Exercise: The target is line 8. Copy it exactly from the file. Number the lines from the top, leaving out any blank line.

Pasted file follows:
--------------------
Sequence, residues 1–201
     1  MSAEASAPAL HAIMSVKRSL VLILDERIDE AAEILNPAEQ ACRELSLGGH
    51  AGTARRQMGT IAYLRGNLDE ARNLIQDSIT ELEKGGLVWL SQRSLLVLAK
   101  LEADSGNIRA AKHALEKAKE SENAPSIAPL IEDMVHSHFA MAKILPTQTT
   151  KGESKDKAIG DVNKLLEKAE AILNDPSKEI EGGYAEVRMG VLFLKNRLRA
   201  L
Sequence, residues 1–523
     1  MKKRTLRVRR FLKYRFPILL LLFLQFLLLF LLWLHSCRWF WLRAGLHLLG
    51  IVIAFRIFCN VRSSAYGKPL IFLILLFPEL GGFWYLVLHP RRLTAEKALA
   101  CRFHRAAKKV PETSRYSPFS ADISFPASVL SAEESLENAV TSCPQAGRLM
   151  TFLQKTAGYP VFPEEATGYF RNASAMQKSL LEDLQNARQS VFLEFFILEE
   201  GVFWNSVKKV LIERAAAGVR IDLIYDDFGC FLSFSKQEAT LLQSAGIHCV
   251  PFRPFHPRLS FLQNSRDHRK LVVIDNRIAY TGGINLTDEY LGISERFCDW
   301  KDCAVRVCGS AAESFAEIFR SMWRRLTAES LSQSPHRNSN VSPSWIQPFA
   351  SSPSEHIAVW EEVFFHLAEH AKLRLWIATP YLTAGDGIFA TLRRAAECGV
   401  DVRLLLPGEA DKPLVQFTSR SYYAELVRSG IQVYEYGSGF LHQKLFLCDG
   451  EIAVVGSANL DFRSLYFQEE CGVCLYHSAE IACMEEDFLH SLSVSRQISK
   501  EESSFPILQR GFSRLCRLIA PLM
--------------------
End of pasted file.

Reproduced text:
     1  MKKRTLRVRR FLKYRFPILL LLFLQFLLLF LLWLHSCRWF WLRAGLHLLG